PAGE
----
"One of the most important things you can do in any of the constitutional offices is not make huge mistakes," says McGeorge law professor Clark Kelso, reflecting on Lockyer's chances of being governor one day. "So far, Lockyer has played his hand well. He's avoided running headlong into politically divisive issues. He didn't overreact last summer to some of the death-penalty concerns that were raised around the country, recognizing that the California public is still very much in favor of the death penalty." On the other hand, on something like medical marijuana, Lockyer seems to have carved out a sensible middle ground between what the electorate wants and what the feds demand.
"He's not going around tilting at windmills," says Kelso. "He's not out there stumping on issues where he would be out in front of where the law is, or what the department should be doing. Bill has done everything you need to do in that office to prepare a foundation for whatever comes next."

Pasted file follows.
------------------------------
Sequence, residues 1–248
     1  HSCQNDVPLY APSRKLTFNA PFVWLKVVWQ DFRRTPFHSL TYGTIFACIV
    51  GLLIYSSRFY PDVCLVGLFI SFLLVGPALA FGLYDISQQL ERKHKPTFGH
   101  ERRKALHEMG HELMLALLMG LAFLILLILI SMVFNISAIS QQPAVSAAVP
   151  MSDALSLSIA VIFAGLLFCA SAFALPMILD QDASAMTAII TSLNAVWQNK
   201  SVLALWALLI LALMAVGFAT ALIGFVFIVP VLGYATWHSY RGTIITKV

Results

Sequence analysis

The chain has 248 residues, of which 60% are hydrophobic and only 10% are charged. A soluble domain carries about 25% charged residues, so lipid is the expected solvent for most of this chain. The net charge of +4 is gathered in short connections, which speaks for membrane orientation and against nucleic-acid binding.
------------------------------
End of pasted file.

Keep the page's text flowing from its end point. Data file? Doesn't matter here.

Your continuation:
William Rodarmor is a freelance writer and translator who lives in Berkeley. An inactive member of the bar, he has written for CALIFORNIA LAWYER on medical malpractice and the RICO statute.
1998 AG's RaceLockyer's Top Ten contributors
1. Democratic State Central Committee of California, Sacramento, California, $604,150
2. Milberg, Weiss, Bershad, Hynes & Lerach LLP, New York, New York, $150,000
3. E. & .J Gallo Winery, Modesto, California, $100,000
4. Senate Democratic Leadership Fund, San Francisco, California, $100,000
5. Zenith Insurance Company, Woodland Hills, California, $85,090
6. California State Council of Service Employees, Sacramento, California, $85,000
7. Girardi and Keese, Los Angeles, California, $85,000
8. California Professional Firefighters, Sacramento, California, $81,112
9. Southern California District Council of Carpenters Political Action Fund, Los Angeles, California, $80,025
10. Northern California Carpenters Regional Council, Central District, Oakland, California, $80,000
Source: California Voter Foundation (www.calvoter.org)